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WASHINGTON — The Russian S-400 missile system costs a fraction of rival platforms made by U.S. companies, one of the major reasons several countries are interested in dealing with the Kremlin despite the potential for blowback.
Russia's S-400, a mobile long-range surface-to-air missile system, costs approximately $500 million, whereas a Patriot Pac-2 battery costs $1 billion and a THAAD battery rings in at about $3 billion, according to people with first-hand knowledge of a U.S. intelligence assessment.
Nearly 13 countries have expressed interest in buying Russia's S-400, a move that could trigger potential U.S. sanctions under the Countering America's Adversaries Through Sanctions Act, which President Donald Trump signed in August 2017. In September, the U.S. slapped sanctions on China for buying fighter jets and missiles from Russia. However, the U.S. could grant sanction waivers.
Russian arms are generally considered less expensive than American weapons, in large part because they come without extensive maintenance support.
"When foreign militaries buy American, above and beyond the purchase, they are buying a partnership with the U.S. military," Andrew Hunter, director of the Defense-Industrial Initiatives Group at the Center for Strategic and International Studies, told CNBC. "And that plus the maintenance and technical assistance is a big part of the cost difference."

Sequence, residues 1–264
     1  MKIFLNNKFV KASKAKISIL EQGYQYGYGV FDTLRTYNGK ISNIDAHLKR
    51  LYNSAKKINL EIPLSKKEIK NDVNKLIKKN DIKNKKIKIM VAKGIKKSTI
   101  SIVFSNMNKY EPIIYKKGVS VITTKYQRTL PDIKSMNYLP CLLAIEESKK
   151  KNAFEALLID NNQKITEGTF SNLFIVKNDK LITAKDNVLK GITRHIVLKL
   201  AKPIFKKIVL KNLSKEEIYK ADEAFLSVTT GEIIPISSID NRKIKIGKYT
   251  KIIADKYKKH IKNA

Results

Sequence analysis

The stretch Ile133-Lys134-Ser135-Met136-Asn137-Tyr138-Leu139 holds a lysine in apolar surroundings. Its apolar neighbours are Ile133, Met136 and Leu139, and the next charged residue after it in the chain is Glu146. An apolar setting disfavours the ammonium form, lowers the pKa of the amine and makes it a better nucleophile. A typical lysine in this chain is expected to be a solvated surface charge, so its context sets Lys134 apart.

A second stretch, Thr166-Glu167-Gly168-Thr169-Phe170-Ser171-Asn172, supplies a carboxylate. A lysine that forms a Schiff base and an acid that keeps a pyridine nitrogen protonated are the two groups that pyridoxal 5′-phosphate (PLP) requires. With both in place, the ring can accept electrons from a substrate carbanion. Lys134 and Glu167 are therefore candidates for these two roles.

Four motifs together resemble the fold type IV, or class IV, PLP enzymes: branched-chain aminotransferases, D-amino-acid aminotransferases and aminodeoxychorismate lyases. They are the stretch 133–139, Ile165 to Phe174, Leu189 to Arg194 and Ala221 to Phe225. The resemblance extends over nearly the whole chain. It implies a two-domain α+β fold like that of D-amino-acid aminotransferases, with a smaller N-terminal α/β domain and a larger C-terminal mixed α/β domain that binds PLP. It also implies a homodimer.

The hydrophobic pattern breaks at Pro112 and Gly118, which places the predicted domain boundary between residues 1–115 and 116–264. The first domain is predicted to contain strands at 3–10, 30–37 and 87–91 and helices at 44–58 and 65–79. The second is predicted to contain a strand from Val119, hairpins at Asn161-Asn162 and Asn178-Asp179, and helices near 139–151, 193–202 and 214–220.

The Pentagon did not immediately respond to a request for comment for this article.
The S-400 system, the successor to the S-200 and S-300 missile systems, made its debut on the world stage in 2007. Compared with U.S. systems, the Russian-made S-400 is capable of engaging a wider array of targets, at longer ranges and against multiple threats simultaneously.
In terms of capability, one source noted that while there is no perfect weapon, the S-400 eclipses even THAAD, America's missile defense crown jewel.
When asked why nations seek to buy the S-400 instead of America's Patriot or THAAD systems, one of the people with knowledge of the intelligence report explained that foreign militaries aren't willing to stick with the cumbersome process of buying weapons from the U.S. government.
"Many of these countries do not want to wait for U.S. regulatory hurdles," said a source with first-hand knowledge of the assessment. "The S-400 has less export restrictions and the Kremlin is willing to expedite sales by skipping over any regulatory hurdles."
China, India and Turkey have already signed purchase agreements with the Kremlin.
China, which is embroiled in a trade battle with the U.S., is in the middle of receiving its final shipment of the S-400 system. India, the top buyer of Russian arms, signed a deal with Moscow for the S-400 last month. Turkey, a NATO ally, is slated to receive its S-400 next year and is expected to have the system ready for use by 2020.